Other productions emphasize Bolingbroke’s emergence as a demagogue, one whose own flinty virtues erode under the tides of ambition. Can we trust him at his word? He starts the play with real grievances, but his proportional response is to … kill a lot of people and grab the scepter. The play ends with Bolingbroke’s “accidental” command to murder his deposed cousin, an aside overheard by a zealous underling. I’ve always seen Bolingbroke played as untrustworthy, even to himself. Is the character fully in control of his speech? His intentions? Hyman, though, plays Bolingbroke with a thrilling voice and bedrock rectitude, so he seems long-denied and righteous. Played as the good man oppressed too long, he becomes a hard stone in rotting fruit: The “villain” is the power structure, willing to change the name at the top but not the system of corruption itself.
André Holland’s Richard also feels new. The usual interpretation paints Richard as an obviously unsteady king, who lets the crown slip out of listless fingers. Shakespeare writes him as callous and impetuous, certainly, but he’s often also played as a bit weedy, a voluptuary in gorgeous robes, squeamish around command. Holland, with only his voice to draw Richard’s portrait, is not weedy. Even when he’s making bad decisions, his tone rings with confidence. Why must this Richard give up kingship? (Holland made me think about incumbency, term limits, even the well-meaning paternalism that can set in after long service.) Holland’s ability to shade words with the quality of developing thought then turns the play’s second half — in which a dethroned and imprisoned Richard discovers his humanity and becomes one of Shakespeare’s great introspective philosophers — staggeringly beautiful. The series has been calibrated to this inward turn, so that Cunningham’s interrogation also focuses your attention to subtler points, at one point to a narrow sequence of merely four words. The series and the play both have a zooming-in effect. As it goes on, Ali and Holland and Shakespeare take us closer and closer to Richard; Cunningham and the commenters bring us closer and closer to the text.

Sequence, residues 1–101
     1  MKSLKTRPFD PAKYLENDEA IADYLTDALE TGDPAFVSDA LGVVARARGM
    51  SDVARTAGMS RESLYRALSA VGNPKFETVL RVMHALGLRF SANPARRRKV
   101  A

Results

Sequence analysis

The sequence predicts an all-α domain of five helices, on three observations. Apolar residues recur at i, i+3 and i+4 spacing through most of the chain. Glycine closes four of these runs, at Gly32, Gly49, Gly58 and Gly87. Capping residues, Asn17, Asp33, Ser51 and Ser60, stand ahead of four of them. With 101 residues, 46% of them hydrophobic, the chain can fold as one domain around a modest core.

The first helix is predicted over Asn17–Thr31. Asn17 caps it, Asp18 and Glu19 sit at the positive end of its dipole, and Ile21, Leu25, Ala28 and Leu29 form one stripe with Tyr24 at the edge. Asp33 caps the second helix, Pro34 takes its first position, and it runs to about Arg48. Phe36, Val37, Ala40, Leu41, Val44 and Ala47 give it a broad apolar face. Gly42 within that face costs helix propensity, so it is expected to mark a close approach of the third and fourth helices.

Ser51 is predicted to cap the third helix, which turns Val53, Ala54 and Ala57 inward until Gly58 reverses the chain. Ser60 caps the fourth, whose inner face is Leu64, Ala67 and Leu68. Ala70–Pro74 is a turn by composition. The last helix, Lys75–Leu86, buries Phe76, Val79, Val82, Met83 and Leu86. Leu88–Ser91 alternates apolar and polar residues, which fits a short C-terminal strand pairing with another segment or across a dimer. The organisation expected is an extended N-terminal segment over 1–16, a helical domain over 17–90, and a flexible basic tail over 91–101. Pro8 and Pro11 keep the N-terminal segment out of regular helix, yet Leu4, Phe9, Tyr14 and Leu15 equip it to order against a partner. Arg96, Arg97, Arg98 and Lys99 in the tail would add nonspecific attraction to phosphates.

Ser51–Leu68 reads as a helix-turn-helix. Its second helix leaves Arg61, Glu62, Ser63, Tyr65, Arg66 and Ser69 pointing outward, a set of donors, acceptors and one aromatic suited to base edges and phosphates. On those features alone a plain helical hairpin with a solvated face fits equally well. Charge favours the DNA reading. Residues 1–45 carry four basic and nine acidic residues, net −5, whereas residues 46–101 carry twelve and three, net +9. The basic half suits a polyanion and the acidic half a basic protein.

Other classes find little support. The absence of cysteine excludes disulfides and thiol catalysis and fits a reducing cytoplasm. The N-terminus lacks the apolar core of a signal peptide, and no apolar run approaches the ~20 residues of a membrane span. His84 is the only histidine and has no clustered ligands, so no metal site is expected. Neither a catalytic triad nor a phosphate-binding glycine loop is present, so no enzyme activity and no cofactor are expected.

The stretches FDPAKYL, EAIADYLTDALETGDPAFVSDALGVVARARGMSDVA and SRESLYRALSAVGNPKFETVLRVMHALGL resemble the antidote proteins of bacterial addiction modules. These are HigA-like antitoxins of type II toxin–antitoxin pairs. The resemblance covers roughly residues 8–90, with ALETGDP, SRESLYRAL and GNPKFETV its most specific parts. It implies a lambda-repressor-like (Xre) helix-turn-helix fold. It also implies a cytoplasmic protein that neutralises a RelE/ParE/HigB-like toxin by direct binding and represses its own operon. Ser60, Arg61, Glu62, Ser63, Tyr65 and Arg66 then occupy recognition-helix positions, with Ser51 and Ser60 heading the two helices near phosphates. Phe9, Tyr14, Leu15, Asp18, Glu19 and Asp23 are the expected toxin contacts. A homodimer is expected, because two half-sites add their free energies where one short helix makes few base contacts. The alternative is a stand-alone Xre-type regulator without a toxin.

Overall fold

The experts and the actors all hold forth about how Richard II is the appropriate play for this year of Black Lives Matters protests: It’s about transferring power from the historically “anointed” to the unfairly dispossessed; it’s about the blurry line between state-sanctioned violence and capricious murder; it’s about a man who goes to jail, knowing (everybody knows) he’ll never make it out. Hyman even talks about Bolingbroke’s battle cry “Mine innocence and Saint George!” as being a secret invocation of the man on all their minds, George Floyd. The performers also speak about the shocks and pleasures of being in a nearly entirely Black and brown company. (The show’s weary conscience is played by John Douglas Thompson, who says that Saheem Ali is his first nonwhite director in a Shakespeare play. That’s a stunning measure of our field; Thompson is possibly New York’s most experienced classical actor.) But it’s also appropriate for 2020 because Richard II is a play about a person discovering his true worth in isolation. In another timeline, this production would be up and running now at the Delacorte. We would have been checking the weather report, worried that the storms that have been blowing through New York would cancel a show. Instead, we’re quarantined, huddled around our individual computers, listening alone. “I wasted time then, and now time wastes me,” cries Richard. I push pause on the podcast and think about what I need to do between now and November.